Just north of Quail Hollow Golf Course, where police brought the vehicle to a stop, officers challenged the driver, Lee said at a news conference the day of the incident. Police fired at Mkoma, after “events transpired that compelled the officers to use force,” Lee said at the time. Officers Steve Martinez, Jeff Ridgeway and Aaron Hartje were later identified by the department as those involved in the shooting.

Since then, little more has been released about the incident.

Court records reveal complicated history

Mohamud Mkoma pleaded guilty to one count of misdemeanor domestic battery against a household member in 2015, according to Ada County court records. A six-month jail sentence was deferred as he completed two years of probation. Over that same period, he was also issued a no-contact order with the victim, who is unnamed in the online record.

A year into his probation sentence, Mkoma faced two misdemeanor assault or battery charges, as well as a probation violation. He pleaded guilty to each in exchange for a reduced sentence, serving a handful of days in jail and receiving an extended probation, court records show. He was also ordered to undergo a mental health evaluation and to stay current with his medications, according to records. He completed his probation last September.

Mkoma’s wife initially filed for divorce in early 2018 in Ada County, but records show the case was dismissed later that year. She filed the petition again this January and the couple’s marriage formally ended in May, according to the county court database.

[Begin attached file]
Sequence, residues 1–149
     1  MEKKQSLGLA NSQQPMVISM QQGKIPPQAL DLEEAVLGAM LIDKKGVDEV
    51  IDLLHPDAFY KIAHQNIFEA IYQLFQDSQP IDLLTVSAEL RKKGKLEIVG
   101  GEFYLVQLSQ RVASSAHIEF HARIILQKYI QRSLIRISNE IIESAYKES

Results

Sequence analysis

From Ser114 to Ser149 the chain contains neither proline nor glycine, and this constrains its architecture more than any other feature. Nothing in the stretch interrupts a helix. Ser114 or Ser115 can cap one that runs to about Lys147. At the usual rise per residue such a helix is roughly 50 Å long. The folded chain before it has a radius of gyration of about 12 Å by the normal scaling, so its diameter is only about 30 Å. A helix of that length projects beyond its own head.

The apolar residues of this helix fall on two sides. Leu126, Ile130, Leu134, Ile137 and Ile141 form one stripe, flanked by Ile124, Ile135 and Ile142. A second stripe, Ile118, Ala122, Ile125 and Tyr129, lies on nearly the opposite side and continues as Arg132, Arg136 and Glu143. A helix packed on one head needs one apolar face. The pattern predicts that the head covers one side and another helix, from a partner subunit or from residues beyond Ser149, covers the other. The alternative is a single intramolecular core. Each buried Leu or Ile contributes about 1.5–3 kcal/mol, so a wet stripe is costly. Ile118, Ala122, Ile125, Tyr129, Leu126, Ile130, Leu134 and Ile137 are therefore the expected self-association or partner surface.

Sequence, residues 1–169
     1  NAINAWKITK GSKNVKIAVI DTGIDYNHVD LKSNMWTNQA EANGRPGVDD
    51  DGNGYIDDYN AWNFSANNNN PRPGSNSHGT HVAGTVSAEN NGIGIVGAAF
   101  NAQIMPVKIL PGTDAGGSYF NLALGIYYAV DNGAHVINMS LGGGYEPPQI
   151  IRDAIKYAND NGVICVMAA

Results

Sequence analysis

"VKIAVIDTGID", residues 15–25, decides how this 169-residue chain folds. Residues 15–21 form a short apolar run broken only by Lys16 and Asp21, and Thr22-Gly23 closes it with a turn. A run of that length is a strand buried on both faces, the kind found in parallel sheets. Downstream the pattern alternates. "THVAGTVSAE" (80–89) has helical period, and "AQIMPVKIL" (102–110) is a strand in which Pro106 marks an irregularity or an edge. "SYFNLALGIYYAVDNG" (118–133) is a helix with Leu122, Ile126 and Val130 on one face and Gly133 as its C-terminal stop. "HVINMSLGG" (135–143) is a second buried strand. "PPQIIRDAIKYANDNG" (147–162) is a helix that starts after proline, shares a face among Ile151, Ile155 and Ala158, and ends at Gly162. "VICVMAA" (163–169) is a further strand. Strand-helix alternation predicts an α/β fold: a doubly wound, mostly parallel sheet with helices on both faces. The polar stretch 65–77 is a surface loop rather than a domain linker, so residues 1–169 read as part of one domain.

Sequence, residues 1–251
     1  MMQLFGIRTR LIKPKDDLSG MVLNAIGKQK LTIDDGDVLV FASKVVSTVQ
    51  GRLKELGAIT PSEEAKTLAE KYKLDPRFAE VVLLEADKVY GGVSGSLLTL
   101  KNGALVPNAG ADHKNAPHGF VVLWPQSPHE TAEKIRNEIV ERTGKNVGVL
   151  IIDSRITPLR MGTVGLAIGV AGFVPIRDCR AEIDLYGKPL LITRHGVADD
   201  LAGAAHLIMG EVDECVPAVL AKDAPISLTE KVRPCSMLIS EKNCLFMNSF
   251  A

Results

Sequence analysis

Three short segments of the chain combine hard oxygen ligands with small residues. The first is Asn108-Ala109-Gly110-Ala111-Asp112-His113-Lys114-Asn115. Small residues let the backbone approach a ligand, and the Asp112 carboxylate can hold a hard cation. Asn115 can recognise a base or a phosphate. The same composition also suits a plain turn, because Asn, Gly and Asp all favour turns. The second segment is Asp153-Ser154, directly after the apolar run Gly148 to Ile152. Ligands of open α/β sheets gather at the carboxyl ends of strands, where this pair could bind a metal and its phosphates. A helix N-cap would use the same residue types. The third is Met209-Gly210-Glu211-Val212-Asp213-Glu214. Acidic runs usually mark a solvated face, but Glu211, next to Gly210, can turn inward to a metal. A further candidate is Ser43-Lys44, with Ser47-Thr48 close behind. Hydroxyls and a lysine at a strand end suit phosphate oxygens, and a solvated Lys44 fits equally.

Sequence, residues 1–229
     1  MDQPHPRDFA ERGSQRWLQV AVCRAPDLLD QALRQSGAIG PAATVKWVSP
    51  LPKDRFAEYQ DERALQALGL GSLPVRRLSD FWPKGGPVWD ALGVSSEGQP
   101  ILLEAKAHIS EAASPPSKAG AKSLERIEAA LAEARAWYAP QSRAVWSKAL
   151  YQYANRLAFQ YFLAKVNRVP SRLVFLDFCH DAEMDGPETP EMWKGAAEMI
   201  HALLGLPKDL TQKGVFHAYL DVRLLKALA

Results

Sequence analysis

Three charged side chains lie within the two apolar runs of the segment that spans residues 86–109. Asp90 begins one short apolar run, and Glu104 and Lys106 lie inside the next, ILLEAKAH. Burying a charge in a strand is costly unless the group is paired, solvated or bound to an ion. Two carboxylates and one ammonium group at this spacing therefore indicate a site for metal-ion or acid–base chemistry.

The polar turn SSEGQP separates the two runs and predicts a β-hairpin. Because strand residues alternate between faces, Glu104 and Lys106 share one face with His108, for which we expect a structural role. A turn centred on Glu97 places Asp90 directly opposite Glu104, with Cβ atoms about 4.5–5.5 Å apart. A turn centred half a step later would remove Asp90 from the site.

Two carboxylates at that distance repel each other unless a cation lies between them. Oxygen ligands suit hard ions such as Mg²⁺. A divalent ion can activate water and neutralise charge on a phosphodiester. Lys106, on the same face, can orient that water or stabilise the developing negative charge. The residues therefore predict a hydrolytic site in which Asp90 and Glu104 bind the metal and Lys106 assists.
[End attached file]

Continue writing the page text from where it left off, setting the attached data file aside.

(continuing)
Mkoma’s family said that he and his ex-wife shared custody of the 14-year-old. They also said that for the past two months — after the divorce was finalized — the teenager was living with his father and his uncle at an apartment complex not far from the Boise Bench. Mkoma’s mother lives in the same complex, family members said at a private Bantu community meeting last week.

“The guy wouldn’t hurt a fly at all, so it was just kind of mind-boggling how the whole thing transpired,” said Monica Pursley, a longtime neighbor of the Mkomas. “He’s a very, very quiet man. He doesn’t cause any disturbances. He walks around very quietly, and is just an elder son who looks out for his mom and his siblings.”

Protest planned after ‘mind-boggling’ events

Mkoma’s sister and younger brother refute the characterization of their elder sibling as the suspect of a crime in spite of his past legal troubles. They described him as one of several in their family who fled Somalia not long after civil war exploded in their home country in the early 1990s. They said they landed in refugee camps in neighboring Kenya. After about four years, the family was approved for relocation to Boise in the winter of 2004, they said, and most of the family has lived in the area since.